|Experienced With||Commissions, For-hire services, Teaching engagements, Speaking engagements|
I make furniture because the process of creating beautiful and functional objects gives me a sense of satisfaction that I have not found through any other means. For me, the process of making furniture begins with an idea; a need unfulfilled, a keepsake to treasure, perhaps a gift. Through sketches, mock-ups, and full size drawings, an idea develops into a design; one that is subtle yet poignant, functional yet pleasing. I strive for individuality and elegance in design, and rely on details, composition, scale, and proportion to achieve that goal.
What strikes me the most about making furniture is the relationship that I develop with each piece as it transforms into the finished work. Each of the steps that go into making furniture - choosing the material, working the wood from rough to finished, cutting the joinery, shaping the individual parts – is a chance for me to impart a bit of my own personality. And each piece has an effect on me, as well. I learn something about each piece, such as the characteristics of a particular piece of wood, how a certain detail affects the overall.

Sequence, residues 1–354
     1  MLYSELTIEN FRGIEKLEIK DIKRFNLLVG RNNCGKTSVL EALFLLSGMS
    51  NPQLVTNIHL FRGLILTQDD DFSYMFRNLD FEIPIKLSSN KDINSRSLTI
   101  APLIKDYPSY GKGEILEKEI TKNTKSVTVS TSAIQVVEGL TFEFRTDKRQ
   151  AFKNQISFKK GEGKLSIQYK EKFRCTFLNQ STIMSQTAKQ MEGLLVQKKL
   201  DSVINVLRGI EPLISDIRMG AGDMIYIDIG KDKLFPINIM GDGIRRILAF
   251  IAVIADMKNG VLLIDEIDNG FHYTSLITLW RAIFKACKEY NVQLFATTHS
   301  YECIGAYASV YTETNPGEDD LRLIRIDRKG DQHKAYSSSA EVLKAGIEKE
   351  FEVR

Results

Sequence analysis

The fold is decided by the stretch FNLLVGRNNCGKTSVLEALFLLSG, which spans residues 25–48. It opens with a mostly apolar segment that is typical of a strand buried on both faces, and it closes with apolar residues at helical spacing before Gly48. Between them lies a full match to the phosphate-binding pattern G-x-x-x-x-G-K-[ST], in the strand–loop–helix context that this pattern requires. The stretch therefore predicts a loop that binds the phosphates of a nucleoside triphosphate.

I hope that when one views my work, they can see that relationship in the way the joints are cut and meticulously fit, in the way each small detail relates to the entire piece, and in the way that the wood chosen accentuates the design.
Mike Korsak designs and builds studio furniture with creativity and traditional craftsmanship. His furniture is built primarily on commission, and his original designs rely on material, detail, composition, scale, and proportion to achieve a sense of elegance and individuality.
Mike’s reverence for all things wood was nurtured at an early age by his grandfather, a hobbyist woodworker and carpenter. Throughout high school, college and beyond, he explored wood as a building material through woodworking, studying Wood Products at The Pennsylvania State University, working as a timber framer and timber frame designer. In 2005, Mike and his future wife, Jen, moved to New England, an area with a rich tradition as one of the centers of studio furniture making. Mike had the good fortune to study under one such celebrated maker, which was a catalyst for the type of work he currently produces.
Mike, Jen, and Ted the Newfoundland live just outside of Pittsburgh on a small homestead adjacent to Hartwood Acres park, where they grow fruits and vegetables. Mike works out of his studio, a renovated carriage house.
Mike’s furniture has been exhibited at the Fuller Craft Museum, Messler Gallery, The New England Home Show, Wayne Art Center and The State Museum of Pennsylvania.